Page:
Let’s take a look at some things a landlord looks for in a tenant.
7 things landlords look for in tenants
It’s important to know what the landlord looks for in order to get what you want.
Being a landlord myself, I have a pretty good idea about what we look for when we are searching for a new tenant.
Here are some of the things your landlord will be looking for in you. These are great things to mention during your conversation. But don’t force it, just be natural and try to include some of this information about yourself.
A landlord will look for:
- Tenants who plan on staying long-term (2 years or more)
You can emphasize this by mentioning why you are moving. Maybe you are starting a new job or at a new school which will require you to live in the area for several years.
- Tenants who don’t party
Let him/her know that you intend to use the weekend for studies (if you do) or that you might not be at the apartment during the weekend. Maybe you will have study groups or work late. In that case, be sure to mention it.
Tip: Don’t mention any girlfriend or boyfriend you may visit because this will let the landlord fear that you will move out to stay with him/her.
- Tenants who don’t like to keep pets (and is a non-smoker – obviously)
- Tenants who are structured
This is to make sure that you can manage to pay rent on time. Every time.
Nothing is more frustrating than having to prompt another person to pay you money.
- Tenants with a bit of experience
Don’t leave the impression that you are living with your parents at the moment.
Nobody wants a tenant who doesn’t even know how to change a lightbulb!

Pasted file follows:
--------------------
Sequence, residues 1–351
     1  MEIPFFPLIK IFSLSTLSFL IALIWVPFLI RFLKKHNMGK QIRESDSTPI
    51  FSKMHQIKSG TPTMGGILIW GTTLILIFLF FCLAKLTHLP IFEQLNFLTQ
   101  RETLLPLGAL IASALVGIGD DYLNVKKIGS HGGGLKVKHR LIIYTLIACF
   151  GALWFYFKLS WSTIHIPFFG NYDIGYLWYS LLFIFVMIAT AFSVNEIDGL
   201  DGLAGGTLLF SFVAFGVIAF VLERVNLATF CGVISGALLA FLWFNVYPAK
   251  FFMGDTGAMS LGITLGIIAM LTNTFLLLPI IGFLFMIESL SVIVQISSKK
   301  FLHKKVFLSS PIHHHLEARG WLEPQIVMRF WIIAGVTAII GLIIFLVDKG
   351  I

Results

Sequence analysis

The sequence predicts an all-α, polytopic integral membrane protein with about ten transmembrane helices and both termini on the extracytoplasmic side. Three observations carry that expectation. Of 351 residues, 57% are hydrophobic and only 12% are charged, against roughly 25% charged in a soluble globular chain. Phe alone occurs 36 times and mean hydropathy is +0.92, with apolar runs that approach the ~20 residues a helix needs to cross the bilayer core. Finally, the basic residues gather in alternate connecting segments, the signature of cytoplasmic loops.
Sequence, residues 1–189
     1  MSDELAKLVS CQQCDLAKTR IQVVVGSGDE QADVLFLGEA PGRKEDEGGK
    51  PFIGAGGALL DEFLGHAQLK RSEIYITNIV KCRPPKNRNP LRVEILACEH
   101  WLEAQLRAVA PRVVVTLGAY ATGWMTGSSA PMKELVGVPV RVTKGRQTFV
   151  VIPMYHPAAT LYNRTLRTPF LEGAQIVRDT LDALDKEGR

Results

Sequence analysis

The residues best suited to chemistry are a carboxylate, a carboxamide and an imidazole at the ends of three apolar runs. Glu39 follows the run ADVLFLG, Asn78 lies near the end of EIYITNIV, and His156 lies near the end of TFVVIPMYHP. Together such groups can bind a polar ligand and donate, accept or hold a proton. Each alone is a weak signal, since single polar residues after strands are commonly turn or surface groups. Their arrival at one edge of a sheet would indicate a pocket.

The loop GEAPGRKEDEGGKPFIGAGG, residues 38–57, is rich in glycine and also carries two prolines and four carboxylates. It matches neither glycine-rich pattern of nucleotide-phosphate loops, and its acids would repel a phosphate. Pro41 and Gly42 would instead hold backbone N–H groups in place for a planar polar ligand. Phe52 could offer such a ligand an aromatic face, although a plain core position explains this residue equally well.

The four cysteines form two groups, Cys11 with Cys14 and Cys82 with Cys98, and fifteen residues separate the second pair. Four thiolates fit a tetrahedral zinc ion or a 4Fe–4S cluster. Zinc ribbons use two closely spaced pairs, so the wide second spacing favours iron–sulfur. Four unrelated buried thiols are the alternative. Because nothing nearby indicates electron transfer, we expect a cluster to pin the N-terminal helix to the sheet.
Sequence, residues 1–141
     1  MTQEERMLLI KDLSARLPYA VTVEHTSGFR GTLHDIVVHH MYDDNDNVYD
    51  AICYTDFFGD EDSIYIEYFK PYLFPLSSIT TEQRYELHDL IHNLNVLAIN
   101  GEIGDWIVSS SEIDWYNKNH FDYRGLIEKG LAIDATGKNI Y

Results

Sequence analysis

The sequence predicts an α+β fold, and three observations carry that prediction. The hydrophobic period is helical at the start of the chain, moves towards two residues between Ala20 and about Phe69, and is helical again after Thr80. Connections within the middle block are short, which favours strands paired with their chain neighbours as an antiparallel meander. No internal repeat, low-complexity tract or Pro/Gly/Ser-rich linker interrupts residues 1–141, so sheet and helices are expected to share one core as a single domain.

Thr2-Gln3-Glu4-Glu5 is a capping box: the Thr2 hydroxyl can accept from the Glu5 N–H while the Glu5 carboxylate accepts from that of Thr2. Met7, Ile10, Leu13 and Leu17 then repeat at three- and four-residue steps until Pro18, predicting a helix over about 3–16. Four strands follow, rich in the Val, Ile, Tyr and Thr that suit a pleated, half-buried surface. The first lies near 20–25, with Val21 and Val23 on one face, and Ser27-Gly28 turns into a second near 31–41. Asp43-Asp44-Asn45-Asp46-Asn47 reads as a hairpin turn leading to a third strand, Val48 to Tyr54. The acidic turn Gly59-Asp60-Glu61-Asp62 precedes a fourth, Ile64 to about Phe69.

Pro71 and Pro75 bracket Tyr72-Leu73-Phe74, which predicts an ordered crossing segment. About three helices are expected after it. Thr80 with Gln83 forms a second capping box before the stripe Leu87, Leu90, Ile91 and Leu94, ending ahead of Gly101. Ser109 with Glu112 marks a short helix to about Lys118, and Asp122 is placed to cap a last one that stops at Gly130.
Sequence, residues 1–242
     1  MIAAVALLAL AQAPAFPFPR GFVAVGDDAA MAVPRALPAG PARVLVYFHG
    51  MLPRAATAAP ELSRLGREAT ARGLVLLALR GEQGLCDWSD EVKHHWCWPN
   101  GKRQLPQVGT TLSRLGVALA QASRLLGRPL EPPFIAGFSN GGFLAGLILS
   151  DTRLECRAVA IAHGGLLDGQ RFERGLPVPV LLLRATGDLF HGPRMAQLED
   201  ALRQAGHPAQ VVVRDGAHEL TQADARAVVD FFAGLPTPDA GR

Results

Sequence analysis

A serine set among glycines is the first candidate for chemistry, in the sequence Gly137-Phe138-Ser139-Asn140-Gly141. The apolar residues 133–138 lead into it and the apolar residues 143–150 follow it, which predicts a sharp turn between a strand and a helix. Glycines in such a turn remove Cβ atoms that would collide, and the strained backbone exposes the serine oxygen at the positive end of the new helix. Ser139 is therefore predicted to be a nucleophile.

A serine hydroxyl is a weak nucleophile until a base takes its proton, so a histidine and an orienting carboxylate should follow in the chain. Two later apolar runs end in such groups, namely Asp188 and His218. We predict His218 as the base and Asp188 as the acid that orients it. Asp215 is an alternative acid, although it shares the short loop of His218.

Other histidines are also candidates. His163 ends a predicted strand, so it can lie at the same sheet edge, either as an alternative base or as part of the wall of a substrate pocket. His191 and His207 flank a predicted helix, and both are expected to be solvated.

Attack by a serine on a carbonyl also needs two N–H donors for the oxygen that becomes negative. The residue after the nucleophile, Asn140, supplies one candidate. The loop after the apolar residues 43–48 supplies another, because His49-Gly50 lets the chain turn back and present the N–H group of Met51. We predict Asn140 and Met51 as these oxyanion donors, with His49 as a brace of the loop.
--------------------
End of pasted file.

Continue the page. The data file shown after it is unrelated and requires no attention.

Let them know how long you stayed in the last apartment and how happy you are about the fact that you are able to rent this space for a long period.
Benefits you can negotiate on top of the rent
Maybe you cannot do anything about the rent. Or maybe you already negotiated the rent down as much as possible.
Here are some other things you can negotiate for (that won’t cost the landlord anything).
- A parking spot for your car
- New appliances
- A thermostat for the heating
- A dishwasher
- Free access to washer/dryer
- Faster internet connection
If you are already staying in the apartment it doesn’t hurt to ask the landlord whether he/she can meet some of these wishes.
The landlord knows (as well as you and I) that a happy tenant is a tenant that will stay for a long time. This is exactly what the landlord wants because it makes his job a lot easier.
Once in a while, the monthly rent will go up a little bit. This is normal and typically a part of the contract. This is a good time to try to negotiate some added benefits on your part. The landlord knows that this sometimes will cause the tenants to move out and he/she will be open to offering something in return.
Especially if it doesn’t cost him/her extra money to do so.
Can you negotiate the price of monthly rent?
Yes. Normally you can negotiate the price. Unless you are looking for an apartment in one of the most expensive cities. In these cities, you will have to move quickly and take what you can get.
Can you negotiate a rent deposit?
Yes. There are no rules against negotiating the terms of deposits for apartments. You can negotiate this as a part of the contract. You can also negotiate how many months notice you need to give when moving out.
I’ve always lived on the coast and have loved boating since my dad took me sailing as a toddler. In 2013 I took an extensive sailing course in Sarasota, FL, led by two amazing guys from the Olympic yachting team. Together with my wife I’ve rebuilt two RVs in which we travel as much as we can. We’ve filmed and interviewed tiny houses and RVs since 2011. Read our personal story here.